[Homeroast] (resending )The Dreaded Starbucks

Sandy Andina sandraandina at mac.com
Mon Mar 8 02:30:30 CST 2010

I lived in Seattle from 1971-8, when I was in my twenties, and Starbucks had yet to become predatory in its practices by the time I moved to Chicago. In fact, they didn't even SELL coffee as a beverage--just the ingredients to make it. 

Far from Seattle being a "coffee town," when I arrived the only coffee on the Ave. (University Way) itself was in the donut shop Spudnuts (made in an industrial drip urn) and the student-run concession in the Architecture building (a "mocha" made from brewed coffee mixed with instant cocoa. Blech). For the longest time, the only coffeehouse in the U. District was Last Exit on Brooklyn: the home of the funky vibe, open mic, vegetarian fare, turbo-chess, and DREADFUL espresso.  (They used to grind a week's worth at a time and keep it on the counter in a Saran-Wrap-covered bowl. No wonder they did a land-office business in mochas and other flavored coffee-milk drinks, most capped with whipped cream).  And they weren't open past 9 pm most nights. It wasn't until at least 1975 or 1976 that Cafe Allegro opened on the Ave. (and it wasn't easy to find in a little rabbit-warren of interior storefronts without a street entrance).  For really good beans, and the chance to drink them on-site, you had to go to Olive's East in Southcenter Mall or east Bellevue (in a factory and auto-shop district). In fact, I think that at the time they may have been a larger chain than Starbucks. And I forget the name of the place, but on NE Campus Rd., a block n. of my apt. on Pacific & 15th NE, in early 1978 a stand-up espresso bar opened between the coin laundry and Ice-Nine Xerography.  I remember coming home from a week in the Bay Area in '74, seriously jonesing at 9pm on a Saturday night for an espresso or cappuccino.  Not even a Pioneer Sq. cafe was open. I had to settle for a flip-drip Neapolitan demitasse at the Italian Spaghetti House on Lake City Way.  Seattle had yet to become a coffee town until at least 1979 or later.

Starbucks hadn't even spread past Seattle yet. When I left, it had the Airport Way roastery, the original store in Pike Place Mkt. (it had a competitor in Pike Place Coffee, Tea & Spice, also not a drink vendor), and the University Village store.  The first branch outside the PNW was here in Chicago, on E. Jackson & S. Wabash in the Loop in 1985, and it was a near-flop. 

In Seattle, you remember Starbucks becoming predatory, as it later became nationwide, and forcing out indie coffeehouses. But it took years before it even morphed into a coffeehouse chain--after Schultz returned from Italy in the 1980s. And he was such a purist at first that he refused to offer decaf or any milk other than whole.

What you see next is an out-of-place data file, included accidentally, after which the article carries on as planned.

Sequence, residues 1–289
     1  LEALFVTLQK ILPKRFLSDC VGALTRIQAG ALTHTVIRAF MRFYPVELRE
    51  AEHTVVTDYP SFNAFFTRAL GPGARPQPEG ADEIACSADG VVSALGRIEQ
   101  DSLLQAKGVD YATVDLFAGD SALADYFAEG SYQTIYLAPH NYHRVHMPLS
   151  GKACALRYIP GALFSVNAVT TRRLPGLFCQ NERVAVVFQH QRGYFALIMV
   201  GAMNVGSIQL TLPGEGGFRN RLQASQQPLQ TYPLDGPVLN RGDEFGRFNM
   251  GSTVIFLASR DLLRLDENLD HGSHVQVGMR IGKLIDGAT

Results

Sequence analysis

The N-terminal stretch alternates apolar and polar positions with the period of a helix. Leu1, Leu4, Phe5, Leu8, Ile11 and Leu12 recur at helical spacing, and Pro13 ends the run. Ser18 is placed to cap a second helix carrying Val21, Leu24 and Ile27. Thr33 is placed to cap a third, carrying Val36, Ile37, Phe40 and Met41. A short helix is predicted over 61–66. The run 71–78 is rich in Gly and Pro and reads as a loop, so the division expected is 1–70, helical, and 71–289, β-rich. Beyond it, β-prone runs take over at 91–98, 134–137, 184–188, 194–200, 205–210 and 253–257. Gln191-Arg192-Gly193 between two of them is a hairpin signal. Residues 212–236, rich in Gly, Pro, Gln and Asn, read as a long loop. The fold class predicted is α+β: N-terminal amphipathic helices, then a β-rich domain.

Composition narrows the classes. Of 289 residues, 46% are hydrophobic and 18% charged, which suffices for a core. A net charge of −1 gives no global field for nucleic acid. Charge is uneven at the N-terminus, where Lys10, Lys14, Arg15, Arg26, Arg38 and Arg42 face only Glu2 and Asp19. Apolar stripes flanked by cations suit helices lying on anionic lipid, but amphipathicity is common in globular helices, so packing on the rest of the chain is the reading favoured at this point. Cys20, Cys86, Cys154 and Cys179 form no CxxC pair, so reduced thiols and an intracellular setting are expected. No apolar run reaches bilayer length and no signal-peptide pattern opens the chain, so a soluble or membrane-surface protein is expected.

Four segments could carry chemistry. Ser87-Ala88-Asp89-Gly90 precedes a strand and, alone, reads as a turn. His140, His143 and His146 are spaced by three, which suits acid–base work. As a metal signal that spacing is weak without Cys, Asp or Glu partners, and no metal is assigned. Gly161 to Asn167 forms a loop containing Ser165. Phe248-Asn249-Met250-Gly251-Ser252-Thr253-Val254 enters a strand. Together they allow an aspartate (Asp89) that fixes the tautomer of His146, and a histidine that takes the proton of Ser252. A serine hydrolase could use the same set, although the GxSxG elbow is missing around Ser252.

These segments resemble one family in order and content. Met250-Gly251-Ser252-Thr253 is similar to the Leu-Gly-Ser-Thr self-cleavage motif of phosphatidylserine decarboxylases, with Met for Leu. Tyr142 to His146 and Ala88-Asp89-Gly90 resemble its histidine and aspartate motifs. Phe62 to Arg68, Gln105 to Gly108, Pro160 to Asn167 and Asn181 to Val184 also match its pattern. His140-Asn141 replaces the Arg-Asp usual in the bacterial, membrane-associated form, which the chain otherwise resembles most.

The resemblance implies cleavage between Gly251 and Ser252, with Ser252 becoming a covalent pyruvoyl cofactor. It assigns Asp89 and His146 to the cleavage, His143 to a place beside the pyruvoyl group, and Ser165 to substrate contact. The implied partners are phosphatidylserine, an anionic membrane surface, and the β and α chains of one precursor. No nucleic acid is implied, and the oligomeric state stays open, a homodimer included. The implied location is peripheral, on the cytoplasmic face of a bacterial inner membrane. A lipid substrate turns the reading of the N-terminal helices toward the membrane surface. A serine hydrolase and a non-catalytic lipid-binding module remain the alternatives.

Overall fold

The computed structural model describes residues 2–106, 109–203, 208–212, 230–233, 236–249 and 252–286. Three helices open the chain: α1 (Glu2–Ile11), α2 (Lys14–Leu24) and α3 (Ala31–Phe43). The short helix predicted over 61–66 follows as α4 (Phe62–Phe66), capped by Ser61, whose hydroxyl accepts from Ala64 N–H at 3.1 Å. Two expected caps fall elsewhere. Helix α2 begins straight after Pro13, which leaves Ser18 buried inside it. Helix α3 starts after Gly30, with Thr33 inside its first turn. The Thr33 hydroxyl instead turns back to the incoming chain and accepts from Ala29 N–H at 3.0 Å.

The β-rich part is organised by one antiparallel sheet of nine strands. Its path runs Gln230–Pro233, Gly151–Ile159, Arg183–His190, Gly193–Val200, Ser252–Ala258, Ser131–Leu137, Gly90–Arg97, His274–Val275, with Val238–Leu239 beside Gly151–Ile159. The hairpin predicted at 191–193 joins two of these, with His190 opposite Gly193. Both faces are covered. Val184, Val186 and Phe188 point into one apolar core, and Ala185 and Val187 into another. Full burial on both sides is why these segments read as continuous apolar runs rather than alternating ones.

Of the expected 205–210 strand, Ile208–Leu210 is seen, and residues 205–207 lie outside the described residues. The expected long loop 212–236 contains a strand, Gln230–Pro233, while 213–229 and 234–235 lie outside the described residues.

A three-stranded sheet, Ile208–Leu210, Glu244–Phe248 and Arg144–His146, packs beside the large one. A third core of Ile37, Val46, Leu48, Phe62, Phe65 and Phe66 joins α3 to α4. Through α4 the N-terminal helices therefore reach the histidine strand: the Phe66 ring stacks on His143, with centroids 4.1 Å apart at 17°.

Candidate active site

On Mar 8, 2010, at 1:16 AM, Kris McN wrote:

> Hey Ryan,
> As well as what everyone's already said about the quality of their product,
> I have a personal chip on my shoulder about Starbucks.  I grew up in Seattle
> in the 70s, 80s, and 90s.  Seattle was a coffee town before Starbucks
> hegemony, a small independent coffee house on most busy blocks.  When
> Starbucks decided to take over the world, I watched as they would open up
> one of their shops across the street or kitty corner to an established
> independent.  Over and over.  Sometimes the independent could hold on, but
> more often than not they  would end up closing.  Sure, some Seattle coffee
> institutions, particularly around the university, outlived the onslaught.
> This isn't based on any data or anything, but to this pissed off teenager,
> it seemed like Starbucks nearly killed the independent Seattle coffee scene
> for awhile.  I know what they did is probably good business, and maybe in
> the long run it ended up just weeding out the crappy small purveyors,
> eventually resulting in a stronger coffee scene, I don't know since I don't
> live in Seattle any longer.  But it was gross and depressing then, and
> whenever I pass a Starbucks today that would look, feel, and smell exactly
> the same whether in Detroit, Seattle, or London, I mumble a curse.
> Best,
> Kris McN
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Peace & song, 

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